Erythrocytes/RBC's

Animal Tissues of Class 11

  • Amphibian RBCs are the largest among vertebrates. Amphiuma and proteus have largest RBCs about 80 µm in diameter.
  • RBC’s of frog are oval, biconvex and nucleated.
  • The musk deer has the smallest RBC of 2.5 µm in diameter.
  • RBCs of mammals are round, biconcave and non-nucleated and smallest in entire animal kingdom.
  • The absence of nucleus in RBC of mammals increases the respiratory efficiency of RBC. Concave surface of mammalian RBC increases its surface area.
  • The cytoplasmic organelles like mitochondria, Golgi bodies, centrosomes, ribosomes etc. are absent in mammalian RBC, this provides enough space for accomodating haemoglobin.
  • Camel and Llama has oval and non-nucleated RBCs (other mammals have circular disc-like non-nucleated RBC).
  • The normal erythrocyte count in females is slightly lower as compared to males.
  • Women - 4.5 to 5 million per cubic mm of blood.
  • Men - 5 to 5.5 million per cubic mm of blood.
  • The number of RBCs can be counted by using haemocytometer,
  • Haemotocrit value is estimated using Wintrobe tube.
  • Life span of RBC is about 120 days in man whereas the life span of frog’s RBC is 100 days.
  • RBCs are soft and flexible. They can withstand much bending, squeezing and deformation as they pass through narrow capillaries.
  • Rouleaux formation occurs by stacking of RBCs like a pile of coins. This adherence is due to surface tension.
  • Crenation is shrivelling of RBCs due to concentration of plasma.
  • Haemolysis is the outward passage of Hb from the corpuscle due to injury of plasma membrane.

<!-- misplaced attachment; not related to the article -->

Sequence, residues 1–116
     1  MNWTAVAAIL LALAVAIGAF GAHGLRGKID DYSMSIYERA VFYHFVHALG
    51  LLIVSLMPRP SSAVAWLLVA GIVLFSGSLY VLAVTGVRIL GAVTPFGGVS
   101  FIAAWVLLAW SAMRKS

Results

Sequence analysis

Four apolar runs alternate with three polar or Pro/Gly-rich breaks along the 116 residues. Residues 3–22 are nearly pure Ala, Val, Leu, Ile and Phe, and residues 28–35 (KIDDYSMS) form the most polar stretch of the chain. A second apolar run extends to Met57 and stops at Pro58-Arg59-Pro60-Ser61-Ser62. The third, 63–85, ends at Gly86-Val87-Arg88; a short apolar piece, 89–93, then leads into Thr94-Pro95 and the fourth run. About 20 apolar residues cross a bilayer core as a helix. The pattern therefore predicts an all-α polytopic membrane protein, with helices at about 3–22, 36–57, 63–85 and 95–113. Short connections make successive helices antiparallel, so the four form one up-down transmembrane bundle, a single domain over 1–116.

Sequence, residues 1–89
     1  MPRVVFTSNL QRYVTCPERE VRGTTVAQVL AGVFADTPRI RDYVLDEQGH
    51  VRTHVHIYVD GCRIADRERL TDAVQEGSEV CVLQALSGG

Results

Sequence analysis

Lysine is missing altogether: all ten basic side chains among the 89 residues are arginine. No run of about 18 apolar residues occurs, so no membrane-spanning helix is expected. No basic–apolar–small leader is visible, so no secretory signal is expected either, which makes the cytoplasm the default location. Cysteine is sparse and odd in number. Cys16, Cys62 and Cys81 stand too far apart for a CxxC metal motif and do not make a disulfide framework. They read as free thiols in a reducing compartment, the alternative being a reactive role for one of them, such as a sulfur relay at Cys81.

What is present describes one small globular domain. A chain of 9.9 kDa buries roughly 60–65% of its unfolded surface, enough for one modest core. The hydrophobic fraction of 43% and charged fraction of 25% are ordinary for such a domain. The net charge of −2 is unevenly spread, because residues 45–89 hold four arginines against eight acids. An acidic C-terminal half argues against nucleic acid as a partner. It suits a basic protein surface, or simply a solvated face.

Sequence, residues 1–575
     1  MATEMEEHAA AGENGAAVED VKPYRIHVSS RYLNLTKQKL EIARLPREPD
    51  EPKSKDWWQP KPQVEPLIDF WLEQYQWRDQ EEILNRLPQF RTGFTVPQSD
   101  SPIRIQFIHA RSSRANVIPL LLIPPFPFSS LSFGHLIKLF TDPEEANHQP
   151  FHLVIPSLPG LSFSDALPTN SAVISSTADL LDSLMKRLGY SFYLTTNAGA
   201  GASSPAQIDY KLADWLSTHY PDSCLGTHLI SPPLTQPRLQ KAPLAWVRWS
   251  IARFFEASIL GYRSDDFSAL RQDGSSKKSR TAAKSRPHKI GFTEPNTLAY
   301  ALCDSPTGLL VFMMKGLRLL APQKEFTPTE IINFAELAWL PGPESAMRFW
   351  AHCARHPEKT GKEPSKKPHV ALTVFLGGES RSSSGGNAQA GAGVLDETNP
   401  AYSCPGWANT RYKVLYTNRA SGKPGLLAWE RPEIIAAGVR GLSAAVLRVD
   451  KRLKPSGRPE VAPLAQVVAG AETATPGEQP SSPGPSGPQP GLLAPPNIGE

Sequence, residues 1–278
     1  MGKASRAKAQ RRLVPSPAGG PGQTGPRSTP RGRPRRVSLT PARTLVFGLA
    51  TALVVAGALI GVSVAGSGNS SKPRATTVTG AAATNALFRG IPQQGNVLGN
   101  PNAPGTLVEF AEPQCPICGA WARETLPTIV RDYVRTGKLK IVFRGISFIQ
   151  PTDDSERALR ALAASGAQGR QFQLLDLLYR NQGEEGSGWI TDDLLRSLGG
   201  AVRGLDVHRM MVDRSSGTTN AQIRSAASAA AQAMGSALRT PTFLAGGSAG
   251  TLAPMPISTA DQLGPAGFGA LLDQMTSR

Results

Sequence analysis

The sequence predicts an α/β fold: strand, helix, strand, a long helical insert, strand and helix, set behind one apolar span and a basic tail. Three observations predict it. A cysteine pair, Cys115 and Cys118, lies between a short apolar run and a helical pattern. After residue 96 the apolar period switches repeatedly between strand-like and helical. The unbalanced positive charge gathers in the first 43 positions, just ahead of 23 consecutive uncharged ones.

• Agglutination is the clumping of corpuscles induced by various agents like salt solutions, glucose solution and antibodies.
  • Hb constitutes about 33% of RBCs. About 280 million molecules of Hb are present per erythrocyte.
  • Haemoglobin is a conjugated protein, composed of protein called globin and an iron-porphyrin complex called heme. Oxygenated Hb is bright red and deoxygenated Hb is dark red.
  • 100 ml of blood contains about 15g of hemoglobin.
  • An adult whose blood contains less than 12g of hemoglobin per 100 cc of blood is said to be anaemic.

Types of Anaemia

 

  • Large amount of reduced hemoglobin in the arterial blood results in a condition called cyanosis, in which nails, lips and mucous membranes become blue in colour.
  • Polycythemia refers to abnormal increase in the number of RBCs.
  • People living in hills have more RBCs.
  • Old non-functional RBCs are destroyed in the spleen, liver and bone marrow. The most important site of RBCs disposal is spleen, also called their ‘graveyard’.
  • Hemoglobin is broken down to bilirubin. Bilirubin is the chief pigment of the bile whereas biliverdin is the oxidation product of bilirubin.
  • Spleen is also called “blood bank”.
  • Blood is red but no RBCs are found in earthworm, Hb is directly dissolved in plasma.
  • Haemocyanin is a copper containing respiratory pigment occurring in arthropods and molluscs. It is much less efficient oxygen carrier than haemoglobin.

Erythrocytes/RBC's

Fig. Human blood corpuscles and frog’s spindle cell

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